VMware still has to prove it "get" desktops. 13 questions about its strategy it needs to answer.

Now that we've had a few weeks to recover, I figured I could finally take the time to answer the question that everyone's been asking me: "What did you think of VMworld?" That question really needs to be answered in two parts: (1) What do I think of VMware after the show, and (2) what did I learn about the other vendors in the exhibit hall?

Now that we’ve had a few weeks to recover, I figured I could finally take the time to answer the question that everyone’s been asking me: “What did you think of VMworld?” That question really needs to be answered in two parts: (1) What do I think of VMware after the show, and (2) what did I learn about the other vendors in the exhibit hall? In today's article I'll answer the VMware question, and tomorrow I'll summarize the cool stuff I learned about the other vendors.

So with regards to VMware, I'll come right out and say it: Everyone knows that I was nervous about VMware's desktop strategy before VMworld, and now that VMworld is over I'm just as nervous about it as I was before. I just don't think desktop is a real focus for that company.

I can't say that I entirely blame them. It's understandable that VMware would want to diversify after their first big success in the server space, and I think that's what led them to the desktop in the 2006-2007 timeframe (Propero, Thinstall). But now that they got a taste of cloud it's almost like, "Desktops? Oh right, we do that too."

I'm not saying that VMware shouldn't evolve their focus or that they shouldn't go after the cloud. (And frankly the whole SpringSource thing plus their virtual infrastructure to go after Microsoft as an app platform seems pretty brilliant to me.) I'm just saying that even after VMworld, I don't believe that VMware has demonstrated that they have the capability to be a big player in the desktop space too.

The irony of this is that I really, really want VMware to be successful with desktops. Competition from VMware has caused Citrix to put more innovation into their desktop delivery products in 18 months than they have in the past ten years combined. If VMware rolls over on the desktop, I hope that the Symantec or Quest can step up to apply pressure to Citrix or else we're going to have another decade of innovation ice age.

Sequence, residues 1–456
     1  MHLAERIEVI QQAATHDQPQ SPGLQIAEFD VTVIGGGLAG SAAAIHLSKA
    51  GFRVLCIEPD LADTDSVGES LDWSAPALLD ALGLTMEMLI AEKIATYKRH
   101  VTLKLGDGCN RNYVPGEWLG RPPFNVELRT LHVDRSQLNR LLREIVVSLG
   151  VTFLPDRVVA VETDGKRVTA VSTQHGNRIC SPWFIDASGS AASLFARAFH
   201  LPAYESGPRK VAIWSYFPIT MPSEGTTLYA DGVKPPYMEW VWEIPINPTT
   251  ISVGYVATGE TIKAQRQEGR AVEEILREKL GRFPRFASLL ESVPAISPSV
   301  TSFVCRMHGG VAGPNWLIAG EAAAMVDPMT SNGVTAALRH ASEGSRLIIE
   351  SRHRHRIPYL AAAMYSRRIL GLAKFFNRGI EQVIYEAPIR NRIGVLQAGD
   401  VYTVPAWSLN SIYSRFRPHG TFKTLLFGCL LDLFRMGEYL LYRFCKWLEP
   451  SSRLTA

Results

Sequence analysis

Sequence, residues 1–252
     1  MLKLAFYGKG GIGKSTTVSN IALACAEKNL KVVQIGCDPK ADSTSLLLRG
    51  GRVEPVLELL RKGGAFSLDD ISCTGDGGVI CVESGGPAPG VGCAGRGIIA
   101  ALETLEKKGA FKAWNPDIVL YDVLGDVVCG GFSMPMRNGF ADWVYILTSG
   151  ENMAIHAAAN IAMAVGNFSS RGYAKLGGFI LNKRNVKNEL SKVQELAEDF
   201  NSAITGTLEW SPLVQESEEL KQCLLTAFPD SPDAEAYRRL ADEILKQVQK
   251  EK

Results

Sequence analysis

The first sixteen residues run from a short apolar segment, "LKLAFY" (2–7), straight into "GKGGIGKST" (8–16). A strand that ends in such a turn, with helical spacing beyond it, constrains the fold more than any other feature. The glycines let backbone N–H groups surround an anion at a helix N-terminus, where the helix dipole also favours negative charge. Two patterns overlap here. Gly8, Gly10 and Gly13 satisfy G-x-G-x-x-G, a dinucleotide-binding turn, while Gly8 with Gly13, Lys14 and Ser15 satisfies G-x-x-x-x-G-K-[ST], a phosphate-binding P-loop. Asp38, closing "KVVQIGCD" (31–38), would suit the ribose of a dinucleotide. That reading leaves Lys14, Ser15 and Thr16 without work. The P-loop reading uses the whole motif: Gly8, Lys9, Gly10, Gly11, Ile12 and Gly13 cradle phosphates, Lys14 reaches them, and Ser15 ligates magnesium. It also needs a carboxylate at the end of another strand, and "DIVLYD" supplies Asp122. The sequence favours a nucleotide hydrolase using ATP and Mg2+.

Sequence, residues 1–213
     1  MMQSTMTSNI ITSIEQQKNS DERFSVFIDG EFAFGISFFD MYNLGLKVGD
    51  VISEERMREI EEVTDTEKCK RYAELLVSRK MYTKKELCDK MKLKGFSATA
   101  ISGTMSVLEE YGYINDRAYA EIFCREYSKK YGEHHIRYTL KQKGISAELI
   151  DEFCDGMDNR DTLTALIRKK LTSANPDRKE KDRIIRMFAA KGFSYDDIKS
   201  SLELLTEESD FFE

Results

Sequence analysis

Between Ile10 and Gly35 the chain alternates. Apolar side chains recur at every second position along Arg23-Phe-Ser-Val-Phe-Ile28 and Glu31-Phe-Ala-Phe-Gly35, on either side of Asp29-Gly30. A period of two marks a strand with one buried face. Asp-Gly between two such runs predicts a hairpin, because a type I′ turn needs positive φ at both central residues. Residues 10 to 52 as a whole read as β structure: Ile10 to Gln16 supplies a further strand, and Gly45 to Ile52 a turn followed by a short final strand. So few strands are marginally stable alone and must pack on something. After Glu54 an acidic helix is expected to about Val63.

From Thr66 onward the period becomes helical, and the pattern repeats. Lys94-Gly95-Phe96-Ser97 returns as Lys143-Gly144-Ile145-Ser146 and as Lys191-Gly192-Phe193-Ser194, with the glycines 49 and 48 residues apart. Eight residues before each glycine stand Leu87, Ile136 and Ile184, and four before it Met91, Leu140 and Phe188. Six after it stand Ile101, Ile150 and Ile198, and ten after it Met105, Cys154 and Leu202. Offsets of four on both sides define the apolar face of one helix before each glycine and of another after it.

But back to the main topic: VMware's lack of desktop vision.

At last year's VMworld, we got all these great indications of what VMware was capable of in the desktop space. (Here’s my article from then where I could hardly contain my excitement about six desktop announcements.) And how did VMware follow up at this year's VMworld?

So those were two great things. (Tactical, but still great.) Unfortunately that's kind of where the good news from VMworld stopped:

  • VMware demoed their client hypervisor known as CVP. (yay!) But we learned that it won’t be available until 2H 2010! Last year they said their client hypervisor was going to ship by the end of 2009, and now it's another 8+ months away!?!
  • The View futures session was just about View 4. VMware still hasn't announced a release date, although the rumor is it's still coming at some point this year. View 4 will have PC-over-IP, but little else new. (Oh, it will have vSphere 4 support.)

The big glaring hole was some frank talk about what VMware's actual desktop strategy is. When I wrote that rant-ish article a few months ago, I accused VMware of just riding their server coattails into the desktop space without a real clue on what desktops are and how they'll compete with Citrix or Microsoft. And now that VMworld is over, I still don't know how VMware plans to compete?

So that said, let me be more specific. Instead of whining about a fairly esoteric question of "what's your strategy?," let me ask VMware to address thirteen specific questions / concerns that I (and others?) have in the desktop space. (And thanks to BrianMadden.com member "appdetective" who's responsible for four or five of these questions based on various comments he or she posted to previous blog posts.)

  • Paul Maritz said that VDI is a slow ramp up before it represents revenue for VMware. In this resource- and budget-constrained economy, what's their commitment to this space? Why should I believe anything they say after comments like that from their CEO?
  • Is VMware going to support a non-ESX solution for VDI? If not, why should I be locked into their hypervisor solution? (Hello Freedom anyone?)
  • When Microsoft releases Calista, they're likely to do so only for Hyper-V. What does that mean to all the people who are deploying View with ESX only?
  • Why does VMware think they can win a battle of the desktop against Microsoft when Microsoft owns the operating system? Isn't that reason enough that smart customers should sprint towards Microsoft+Citrix or Microsoft+Quest?
  • Who's actually deploying View at scale? It seems that it's fine for small ESX-only shops that are LAN-based and don't require any medium to advanced features. Who's adopting View for Cloud DAAS? What is the size of their largest customer deployment?